After visiting a jail for the first time last year, a Macon paralegal has organized a book drive, collecting books for area inmates.
Despite working at the Law Office of Kevin Bradley for a decade, Lacey Harville first visited a jail last year.
The loud echo of the locks clicking and doors opening and shutting made an impression on her.
“I was nervous, just scared out of my mind,” she said.
Noticing a door ajar, she peeked in and saw a few books on a bookshelf.
Months later, she put out a call on Facebook soliciting book donations for inmates.
Since November she’s delivered more than 150 books to area jails, some of them from her family’s collection.
For Harville, reading fantasy novels and biographies is a way she escapes from her daily routine. She says it’s calming.
“Everybody should have their chance to escape their own personal hell,” she said.
Although jails hold people awaiting trial, not all inmates are bad people, Harville said.
“Some of them are innocent. It’s not our place to decide whether or not they’re guilty or innocent, but it’s important to make sure that we take care of them until we figure it out,” she said.
Some of them are innocent. It’s not our place to decide whether or not they’re guilty or innocent, but it’s important to make sure that we take care of them until we figure it out.
For the inmates who have run afoul of the law, “reading can be a second chance for them,” Harville said. “It can be life-changing.”
Area jails have different policies regarding donations and how books are distributed to inmates.
In Bibb County, the jail hasn’t had a library since jail renovations repurposed the space several years ago. Books are stored in an office and are distributed to inmates on request, said Bibb County Sheriff’s Office Capt. Chris Patterson.
Maj. Tonnie Williams said the sheriff’s office is considering a new delivery method, a book cart being pushed around while inmates are in their cells to allow them to choose what they’d like to read.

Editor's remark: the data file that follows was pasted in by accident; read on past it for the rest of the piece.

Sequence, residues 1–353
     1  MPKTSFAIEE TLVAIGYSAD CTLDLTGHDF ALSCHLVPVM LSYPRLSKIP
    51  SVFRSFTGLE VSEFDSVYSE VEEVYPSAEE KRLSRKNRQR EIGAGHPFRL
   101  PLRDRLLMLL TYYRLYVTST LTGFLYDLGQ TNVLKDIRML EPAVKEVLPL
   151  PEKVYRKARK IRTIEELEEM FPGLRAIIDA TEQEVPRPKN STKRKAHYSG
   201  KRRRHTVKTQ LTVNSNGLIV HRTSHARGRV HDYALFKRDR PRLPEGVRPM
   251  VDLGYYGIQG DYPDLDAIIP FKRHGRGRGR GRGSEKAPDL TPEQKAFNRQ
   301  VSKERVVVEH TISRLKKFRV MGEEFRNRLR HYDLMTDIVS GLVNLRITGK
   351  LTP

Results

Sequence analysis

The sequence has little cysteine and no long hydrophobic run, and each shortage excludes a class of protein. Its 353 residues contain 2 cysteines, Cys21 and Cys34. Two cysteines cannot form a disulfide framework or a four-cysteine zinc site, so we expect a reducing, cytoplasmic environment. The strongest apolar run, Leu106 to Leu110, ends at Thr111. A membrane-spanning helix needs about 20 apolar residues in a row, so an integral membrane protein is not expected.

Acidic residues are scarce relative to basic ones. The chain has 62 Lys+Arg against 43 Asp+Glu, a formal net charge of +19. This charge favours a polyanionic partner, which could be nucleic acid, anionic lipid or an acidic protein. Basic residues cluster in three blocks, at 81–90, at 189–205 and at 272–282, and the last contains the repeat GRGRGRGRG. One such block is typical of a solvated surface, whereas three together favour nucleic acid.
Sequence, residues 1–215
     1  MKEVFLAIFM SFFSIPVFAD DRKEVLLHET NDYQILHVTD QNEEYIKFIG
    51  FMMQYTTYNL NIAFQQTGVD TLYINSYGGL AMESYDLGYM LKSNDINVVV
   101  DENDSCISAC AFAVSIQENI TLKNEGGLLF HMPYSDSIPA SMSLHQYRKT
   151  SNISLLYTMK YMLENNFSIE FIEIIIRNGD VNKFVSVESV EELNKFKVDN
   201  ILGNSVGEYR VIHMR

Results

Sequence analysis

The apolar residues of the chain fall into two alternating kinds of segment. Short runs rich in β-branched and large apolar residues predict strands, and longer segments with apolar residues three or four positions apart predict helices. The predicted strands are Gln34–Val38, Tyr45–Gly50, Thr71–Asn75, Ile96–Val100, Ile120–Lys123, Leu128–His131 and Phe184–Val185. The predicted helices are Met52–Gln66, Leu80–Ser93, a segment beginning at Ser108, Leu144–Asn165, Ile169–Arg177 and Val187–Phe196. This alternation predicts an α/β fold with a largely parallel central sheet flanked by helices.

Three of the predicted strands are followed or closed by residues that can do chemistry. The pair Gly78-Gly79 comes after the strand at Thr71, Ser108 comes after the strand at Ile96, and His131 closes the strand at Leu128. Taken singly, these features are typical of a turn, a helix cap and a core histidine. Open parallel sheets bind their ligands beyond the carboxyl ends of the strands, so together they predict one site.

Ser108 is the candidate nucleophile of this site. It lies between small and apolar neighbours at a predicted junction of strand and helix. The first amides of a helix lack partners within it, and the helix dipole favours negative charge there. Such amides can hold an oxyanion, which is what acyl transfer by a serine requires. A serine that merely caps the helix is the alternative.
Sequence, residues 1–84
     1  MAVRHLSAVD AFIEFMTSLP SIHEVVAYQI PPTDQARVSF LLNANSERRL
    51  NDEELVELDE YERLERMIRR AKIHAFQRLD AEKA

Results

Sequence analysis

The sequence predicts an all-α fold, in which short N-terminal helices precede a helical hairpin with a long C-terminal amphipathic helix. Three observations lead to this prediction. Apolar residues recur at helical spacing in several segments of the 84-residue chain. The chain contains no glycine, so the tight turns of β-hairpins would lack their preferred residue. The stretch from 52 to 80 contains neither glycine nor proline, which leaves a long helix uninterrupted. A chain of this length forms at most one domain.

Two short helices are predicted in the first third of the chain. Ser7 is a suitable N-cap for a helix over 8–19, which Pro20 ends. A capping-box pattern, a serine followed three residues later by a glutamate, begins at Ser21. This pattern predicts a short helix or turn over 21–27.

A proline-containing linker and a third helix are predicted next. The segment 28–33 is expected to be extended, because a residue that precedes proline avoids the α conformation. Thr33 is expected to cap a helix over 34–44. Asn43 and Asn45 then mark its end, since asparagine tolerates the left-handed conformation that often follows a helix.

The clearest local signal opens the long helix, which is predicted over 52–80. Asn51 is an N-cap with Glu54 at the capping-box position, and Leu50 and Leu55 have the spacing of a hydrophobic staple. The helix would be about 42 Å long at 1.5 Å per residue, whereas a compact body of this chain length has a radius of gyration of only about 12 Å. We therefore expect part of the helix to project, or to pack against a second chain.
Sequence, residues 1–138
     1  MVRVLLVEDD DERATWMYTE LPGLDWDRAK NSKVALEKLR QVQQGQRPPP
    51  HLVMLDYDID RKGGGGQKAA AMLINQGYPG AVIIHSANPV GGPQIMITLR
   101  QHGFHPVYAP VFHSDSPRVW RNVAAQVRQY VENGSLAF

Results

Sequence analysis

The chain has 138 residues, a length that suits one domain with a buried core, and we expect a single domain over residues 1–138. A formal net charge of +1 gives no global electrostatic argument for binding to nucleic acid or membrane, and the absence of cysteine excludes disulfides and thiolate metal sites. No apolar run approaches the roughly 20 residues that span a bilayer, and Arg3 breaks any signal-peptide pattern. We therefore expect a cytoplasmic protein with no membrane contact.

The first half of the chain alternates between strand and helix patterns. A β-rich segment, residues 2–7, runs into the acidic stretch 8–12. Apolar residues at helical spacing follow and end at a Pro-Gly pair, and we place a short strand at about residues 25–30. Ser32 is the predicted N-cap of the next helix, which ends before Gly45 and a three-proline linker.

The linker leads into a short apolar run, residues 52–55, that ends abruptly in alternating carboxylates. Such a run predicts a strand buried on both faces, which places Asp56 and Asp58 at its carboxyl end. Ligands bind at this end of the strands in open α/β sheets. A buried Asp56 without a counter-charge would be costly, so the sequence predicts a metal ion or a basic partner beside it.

No magazines are allowed. Inmates can check out books, but must return them before they’re released, Williams said.
The books are checked for damage when they’re returned, but that’s not just to keep them in good condition. Pages can be used to jam locks and clog the plumbing. Soot from burned pages can be used for tattoos, he said.
Patterson said inmates have access to cable TV and can buy playing cards, chess sets, checker boards and dominoes while they’re incarcerated.
A lot of inmates do read them.
Jones County Sheriff Butch Reece said of books
Houston County’s jail stocks books in the inmate housing areas and swaps them out regularly among the housing pods, said. Capt. Beth Shafer.
With a mostly male inmate population, the jail is in need of more books geared toward men such as westerns and mystery novels, Shafer said.
“We get a lot of historic romance” novels, she said.
In Monroe County, inmates are allowed to visit the jail’s library twice a week and check out up to two books, said Sheriff’s Office Sgt. Lawson Bittick.
Jones County Sheriff Butch Reece said his jail also accepts book donations and signs out books to inmates.
While the jail has a good supply of reading material, he said, “we can always trade them out for new ones.”
“A lot of inmates do read them,” Reece said.
The Peach County jail used to have a library, but closed it after experiencing problems with pages being flushed in toilets clogging the sewer lines, said Sheriff Terry Deese.
Now, inmates who haven’t had behavioral problems are issued books through the assistant jail administrator, he said.
In general, area jails accept books of most any genre as long as they aren’t explicit or contain nudity.
Anyone seeking to donate can contact Harville via her Facebook page, Reading In Jail: Is Reaching Through The Bars or by emailing email@example.com.